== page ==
Fieldwork is central to the identity, culture and history of academic Geography, Earth and Environmental Sciences (GEES). However, in this paper we recognise that, for many academic staff, fieldtrips can be a profoundly challenging “ordeal,” ill‐conducive to wellness or effective pedagogic practice. Drawing on research with 39 UK university‐based GEES academics who self‐identify as having a mental health condition, we explore how mental health intersects with spaces and expectations of fieldwork in Higher Education. We particularly focus on their accounts of undertaking undergraduate residential fieldtrips and give voice to these largely undisclosed experiences. Their narratives run counter to normative, romanticised celebrations of fieldwork within GEES disciplines. We particularly highlight recurrent experiences of avoiding fieldwork, fieldwork‐as‐ ordeal, and “coping” with fieldwork, and suggest that commonplace anxieties within the neoliberal academy – about performance, productivity, fitness‐to‐work, self‐presentation, scrutiny and fear‐of‐falling‐behind – are felt particularly intensely during fieldwork. In spite of considerable work to make fieldwork more accessible to students, we find that field‐based teaching is experienced as a focal site of distress, anxiety and ordeal for many GEES academics with common mental health conditions. We conclude with prompts for reflection about how fieldwork could be otherwise.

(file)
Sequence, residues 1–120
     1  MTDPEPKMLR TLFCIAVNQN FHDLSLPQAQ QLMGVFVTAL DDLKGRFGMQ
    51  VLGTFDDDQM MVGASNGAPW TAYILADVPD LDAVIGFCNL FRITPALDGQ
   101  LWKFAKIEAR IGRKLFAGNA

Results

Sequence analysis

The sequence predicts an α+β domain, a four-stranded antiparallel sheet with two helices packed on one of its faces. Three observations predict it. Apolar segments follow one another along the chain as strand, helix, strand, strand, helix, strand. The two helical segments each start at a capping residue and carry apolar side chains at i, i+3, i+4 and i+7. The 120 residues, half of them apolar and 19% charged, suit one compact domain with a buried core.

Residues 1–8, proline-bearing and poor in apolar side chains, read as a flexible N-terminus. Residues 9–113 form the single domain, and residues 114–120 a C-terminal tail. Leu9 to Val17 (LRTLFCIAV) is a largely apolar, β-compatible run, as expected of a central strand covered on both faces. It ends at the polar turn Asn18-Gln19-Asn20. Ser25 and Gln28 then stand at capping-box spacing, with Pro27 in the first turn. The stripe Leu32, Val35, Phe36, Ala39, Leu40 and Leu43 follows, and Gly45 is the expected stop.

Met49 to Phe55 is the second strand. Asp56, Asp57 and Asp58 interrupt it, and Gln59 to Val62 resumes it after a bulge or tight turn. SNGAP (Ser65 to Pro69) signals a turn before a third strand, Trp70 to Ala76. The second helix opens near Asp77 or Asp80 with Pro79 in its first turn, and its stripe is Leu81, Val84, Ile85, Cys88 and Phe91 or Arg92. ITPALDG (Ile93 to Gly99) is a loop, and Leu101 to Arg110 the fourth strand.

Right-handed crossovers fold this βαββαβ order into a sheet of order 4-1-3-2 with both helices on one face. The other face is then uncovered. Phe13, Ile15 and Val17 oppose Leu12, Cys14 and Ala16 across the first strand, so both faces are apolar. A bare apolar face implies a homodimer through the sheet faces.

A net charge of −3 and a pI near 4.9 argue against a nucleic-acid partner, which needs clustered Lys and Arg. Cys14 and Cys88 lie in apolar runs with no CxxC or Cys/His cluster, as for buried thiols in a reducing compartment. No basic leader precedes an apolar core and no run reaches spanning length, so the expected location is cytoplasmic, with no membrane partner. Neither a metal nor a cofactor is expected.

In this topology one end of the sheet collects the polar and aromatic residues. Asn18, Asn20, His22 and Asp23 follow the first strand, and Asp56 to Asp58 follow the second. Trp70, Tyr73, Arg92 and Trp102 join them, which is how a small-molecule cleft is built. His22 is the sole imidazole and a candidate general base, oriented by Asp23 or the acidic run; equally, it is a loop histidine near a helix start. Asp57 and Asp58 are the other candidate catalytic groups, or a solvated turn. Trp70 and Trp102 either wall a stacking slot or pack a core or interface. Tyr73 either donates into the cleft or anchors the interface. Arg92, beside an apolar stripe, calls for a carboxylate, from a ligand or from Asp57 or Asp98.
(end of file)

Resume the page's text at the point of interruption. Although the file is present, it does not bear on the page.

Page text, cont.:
- earth and environmental sciences
- higher education
- mental health and wellbeing